BINH PHUOC — Viet Nam hopes to become a major supplier of cocoa beans in the world market, with production of 50,000 tonnes of fermented beans by 2020.
It plans to have 50,000ha under cocoa cultivation, of which 42,000ha would yield the fruit.
The cocoa sector in Viet Nam is showing signs of rapid growth, according to Phan Huy Thong, director of the National Agriculture Extension Centre, who spoke at a forum on sustainable cocoa development in Binh Phuoc Province last week.
Total cultivated land is now about 20,100ha, yielding 5,100 tonnes last year. There were only 2,000ha of land planted with cocoa trees in 2005.
Cultivation exists mainly in 10 provinces, including Ben Tre, Tien Giang, Dak Nong, Dak Lak, Binh Phuoc and Ba Ria-Vung Tau, mostly grown under the shade of other crops, including coconut palms and cashew trees.
Phan Van Don, deputy director of Binh Phuoc Province's Department of Agriculture and Rural Development, said cocoa could be an attractive crop to smallholder farmers, both in intercropping and monoculture systems.
Cocoa has the advantage of lower labour costs to coffee and rubber, less water requirements compared to coffee.
Intercropping with cashew gardens in the province has been successful as well.
Nguyen Khac Thuoc, a farmer in Bu Dang District of Binh Phuoc Province, said that intercropping with his 5ha under cashew cultivation had helped him raise his income substantially.
Nguyen Van Hoa, deputy head of the Cultivation Department, said there was an increasing demand for the high-nutritive valued bean in the global and domestic markets. Cocoa supply globally was much lower than demand.
Viet Nam has to import more than 10,000 tonnes of cocoa powder for local production annually.
Cocoa was not expected to face strong price fluctuations as other farm produce, Hoa said.
The price of cocoa as well as other farm produce in the domestic market has fallen this year due to a drop in price in the world market, but compared to other agricultural products like rubber and cashew, cocoa prices have not fallen much.
Despite the potential of the sector, many delegates at the forum agreed that the sector had not yet reached its potential due to poor farming practices, limited technological transfer, poor planting materials and outbreaks of pests and diseases.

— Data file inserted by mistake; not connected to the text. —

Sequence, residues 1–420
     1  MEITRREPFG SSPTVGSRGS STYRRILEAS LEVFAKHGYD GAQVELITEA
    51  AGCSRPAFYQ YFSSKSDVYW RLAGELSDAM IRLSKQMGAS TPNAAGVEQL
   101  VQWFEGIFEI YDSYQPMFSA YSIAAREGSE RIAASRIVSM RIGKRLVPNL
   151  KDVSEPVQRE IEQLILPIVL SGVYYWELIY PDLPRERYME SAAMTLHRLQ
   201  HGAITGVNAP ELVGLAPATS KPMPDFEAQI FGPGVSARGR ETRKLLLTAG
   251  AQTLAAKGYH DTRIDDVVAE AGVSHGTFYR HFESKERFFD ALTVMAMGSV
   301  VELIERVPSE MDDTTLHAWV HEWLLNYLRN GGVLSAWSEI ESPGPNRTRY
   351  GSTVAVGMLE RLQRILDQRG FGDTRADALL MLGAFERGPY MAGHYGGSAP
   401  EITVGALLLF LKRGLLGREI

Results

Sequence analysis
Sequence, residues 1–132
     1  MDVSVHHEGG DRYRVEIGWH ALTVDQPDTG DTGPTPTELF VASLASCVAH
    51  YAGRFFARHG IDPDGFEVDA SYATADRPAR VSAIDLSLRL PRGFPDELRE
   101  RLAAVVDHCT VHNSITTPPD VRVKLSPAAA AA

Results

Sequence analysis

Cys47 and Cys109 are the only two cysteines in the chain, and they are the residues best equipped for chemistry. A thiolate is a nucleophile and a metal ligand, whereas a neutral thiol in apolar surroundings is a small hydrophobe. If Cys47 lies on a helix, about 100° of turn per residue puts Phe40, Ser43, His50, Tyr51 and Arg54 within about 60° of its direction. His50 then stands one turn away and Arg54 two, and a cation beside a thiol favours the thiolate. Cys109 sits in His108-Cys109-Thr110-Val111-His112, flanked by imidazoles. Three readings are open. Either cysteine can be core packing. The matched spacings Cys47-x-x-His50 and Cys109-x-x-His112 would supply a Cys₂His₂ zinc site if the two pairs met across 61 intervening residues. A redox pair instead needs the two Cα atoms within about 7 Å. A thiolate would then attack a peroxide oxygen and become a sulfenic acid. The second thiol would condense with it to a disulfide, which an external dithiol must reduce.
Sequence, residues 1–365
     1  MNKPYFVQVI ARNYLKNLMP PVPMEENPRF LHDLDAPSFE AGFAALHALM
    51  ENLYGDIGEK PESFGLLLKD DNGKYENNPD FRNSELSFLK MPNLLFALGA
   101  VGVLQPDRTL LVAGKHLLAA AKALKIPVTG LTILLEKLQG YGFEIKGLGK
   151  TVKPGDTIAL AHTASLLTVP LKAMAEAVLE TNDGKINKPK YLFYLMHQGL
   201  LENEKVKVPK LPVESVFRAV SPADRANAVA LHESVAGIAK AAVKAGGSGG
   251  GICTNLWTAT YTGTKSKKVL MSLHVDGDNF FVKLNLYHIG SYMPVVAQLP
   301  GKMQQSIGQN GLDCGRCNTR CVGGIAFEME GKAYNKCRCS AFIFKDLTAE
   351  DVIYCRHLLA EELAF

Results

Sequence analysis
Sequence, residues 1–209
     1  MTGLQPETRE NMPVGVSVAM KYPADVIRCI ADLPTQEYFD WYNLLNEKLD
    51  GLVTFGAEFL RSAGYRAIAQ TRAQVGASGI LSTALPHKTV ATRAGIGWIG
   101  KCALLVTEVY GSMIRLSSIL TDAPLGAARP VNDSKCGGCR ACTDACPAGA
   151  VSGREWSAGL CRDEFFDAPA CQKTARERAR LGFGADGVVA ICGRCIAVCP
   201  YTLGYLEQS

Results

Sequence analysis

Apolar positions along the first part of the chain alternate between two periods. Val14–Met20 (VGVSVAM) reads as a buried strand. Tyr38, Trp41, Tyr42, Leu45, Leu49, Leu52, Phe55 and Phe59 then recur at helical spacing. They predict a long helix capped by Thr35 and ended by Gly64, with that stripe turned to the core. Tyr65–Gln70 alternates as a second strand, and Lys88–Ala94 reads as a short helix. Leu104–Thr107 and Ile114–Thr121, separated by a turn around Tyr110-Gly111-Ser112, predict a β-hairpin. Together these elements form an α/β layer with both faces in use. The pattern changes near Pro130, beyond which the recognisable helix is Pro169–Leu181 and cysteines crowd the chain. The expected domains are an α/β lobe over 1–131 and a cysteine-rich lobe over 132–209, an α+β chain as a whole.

In addition, the planting was scattered and small-scale, causing difficulties to production and consumption, Hoa said.
Since cocoa is still a relatively new tree in Viet Nam, little research has been conducted on the plant in the country.
With less experience in planting cocoa compared to other trees, farmers are still hesitating about planting the tree, according to Thong.
He said that, to meet the planning target, the Ministry of Agriculture and Rural Development should review zoning plans for cocoa cultivation in the country.
Each locality should identify the amount of cocoa cultivation and then draw up appropriate plans.
He said that scientists and agricultural research institutes should focus more on research to create new high-quality seedlings, better cultivation techniques, and measures to prevent and control pests and diseases.
The Government is encouraging co-operation between concerned agencies and the private sector to develop the cocoa industry.
Delegates suggested that the Government establish standards for cocoa quality, and develop more agricultural extension programmes to provide farmers with skills and techniques in growing, harvesting and processing cocoa.
They also recommended that modern technologies should be used for processing cocoa beans to achieve higher quality.
Hoa said Viet Nam would increase the value of the bean by meeting standards for certificates granted for high quality cocoa production.
Organised by the Central Agriculture Extension Centre, the forum attracted policymakers, scientists and agriculture experts as well as more than 300 farmers from 10 provinces. — VNS